Skip navigation

 
 
 
 
 
 
 
 
 
 
 
 
 
 
 
 
 
 
By Simon Romero
Feb. 5, 2015
 
BUENOS AIRES — The lead investigator in the mysterious death of Alberto Nisman, the prosecutor who accused Argentina’s president of trying to shield Iranians from responsibility over the 1994 bombing of a Jewish center here, summoned an ousted spy chief to testify in the case on Thursday.
 
But Antonio Stiusso, a former spymaster at Argentina’s premier intelligence agency, appeared to be resisting the summons. Mr. Stiusso’s lawyer said he was looking into whether his client could testify about matters that might be covered by secrecy laws.
 
“Stiusso was an excellent civil servant,” the lawyer, Santiago Blanco Bermúdez, said in comments broadcast on local radio, referring to his client’s four-decade career at the Intelligence Secretariat as one of the country’s most powerful spies. He said he did not expect Mr. Stiusso to testify on Thursday.
 
Testimony by Mr. Stiusso could shed light on the circumstances around the death of Mr. Nisman, 51, who was found at his Buenos Aires apartment on Jan. 18 with a gunshot wound to his head, a day before he had been scheduled to speak to Congress about his accusations against President Cristina Fernández de Kirchner. She and her top aides have accused Mr. Stiusso of having a hand in the events surrounding the prosecutor’s death.
 
Viviana Fein, the lead investigator in Mr. Nisman’s death, told the newspaper La Nación on Wednesday night that she had asked Mr. Stiusso to testify on Thursday. According to telephone records, a phone thought to belong to Mr. Stiusso was used to call Mr. Nisman hours before his death, the newspaper reported.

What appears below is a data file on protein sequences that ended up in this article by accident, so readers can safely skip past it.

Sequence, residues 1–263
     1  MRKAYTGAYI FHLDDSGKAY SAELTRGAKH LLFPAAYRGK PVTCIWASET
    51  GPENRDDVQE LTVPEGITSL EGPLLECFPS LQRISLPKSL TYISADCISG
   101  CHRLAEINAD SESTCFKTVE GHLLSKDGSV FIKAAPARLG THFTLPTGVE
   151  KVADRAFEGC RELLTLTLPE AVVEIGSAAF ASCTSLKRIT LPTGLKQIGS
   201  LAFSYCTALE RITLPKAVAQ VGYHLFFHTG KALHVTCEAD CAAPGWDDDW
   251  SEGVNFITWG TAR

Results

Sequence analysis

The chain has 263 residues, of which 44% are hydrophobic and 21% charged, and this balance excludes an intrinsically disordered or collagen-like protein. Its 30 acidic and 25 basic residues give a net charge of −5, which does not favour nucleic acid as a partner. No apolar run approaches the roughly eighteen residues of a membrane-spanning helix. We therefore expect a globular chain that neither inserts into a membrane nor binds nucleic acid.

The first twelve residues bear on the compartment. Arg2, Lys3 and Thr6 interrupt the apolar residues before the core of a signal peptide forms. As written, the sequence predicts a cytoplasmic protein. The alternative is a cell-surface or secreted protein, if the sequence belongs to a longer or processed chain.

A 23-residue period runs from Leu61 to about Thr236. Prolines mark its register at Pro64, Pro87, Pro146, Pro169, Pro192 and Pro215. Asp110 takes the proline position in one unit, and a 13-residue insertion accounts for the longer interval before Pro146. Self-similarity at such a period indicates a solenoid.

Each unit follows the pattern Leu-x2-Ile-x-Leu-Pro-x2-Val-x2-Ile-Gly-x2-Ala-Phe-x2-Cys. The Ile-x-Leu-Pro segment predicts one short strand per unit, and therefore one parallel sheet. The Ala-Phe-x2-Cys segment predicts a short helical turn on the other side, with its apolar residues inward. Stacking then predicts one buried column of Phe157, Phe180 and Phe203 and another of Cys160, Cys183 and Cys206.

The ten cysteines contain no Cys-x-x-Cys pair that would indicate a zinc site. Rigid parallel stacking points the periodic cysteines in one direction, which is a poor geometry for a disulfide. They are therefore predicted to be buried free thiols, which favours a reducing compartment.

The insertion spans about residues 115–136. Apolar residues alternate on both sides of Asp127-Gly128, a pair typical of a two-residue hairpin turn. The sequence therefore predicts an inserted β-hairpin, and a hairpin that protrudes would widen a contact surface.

Appearing to respond to Mr. Blanco Bermúdez’s concerns, Oscar Parrilli, the head of the Intelligence Secretariat, said on Thursday that the president had lifted the secrecy restrictions that would have prevented Mr. Stiusso from testifying. Mr. Blanco Bermúdez could not be reached immediately for comment on the developments.
 
Mr. Nisman had been investigating the 1994 attack on the Jewish center in Buenos Aires, run by the Argentine Israelite Mutual Association, which left 85 people dead.
 
Days before his death, Mr. Nisman had accused Mrs. Kirchner of seeking to forge a secret deal to shield Iranians charged in the attack from responsibility. No one has been charged with responsibility for his death, and investigators have not yet determined if it was a suicide or a homicide. However, an information technology consultant for Mr. Nisman’s investigative unit was charged with lending him the gun that was found on the floor near his body.
 
The president and her top aides have angrily rejected Mr. Nisman’s accusations, which were laid out in a 289-page criminal complaint, and have pointed to statements by the former head of Interpol saying that Argentine officials had never sought to lift the arrest warrants for Iranians sought in connection with the bombing.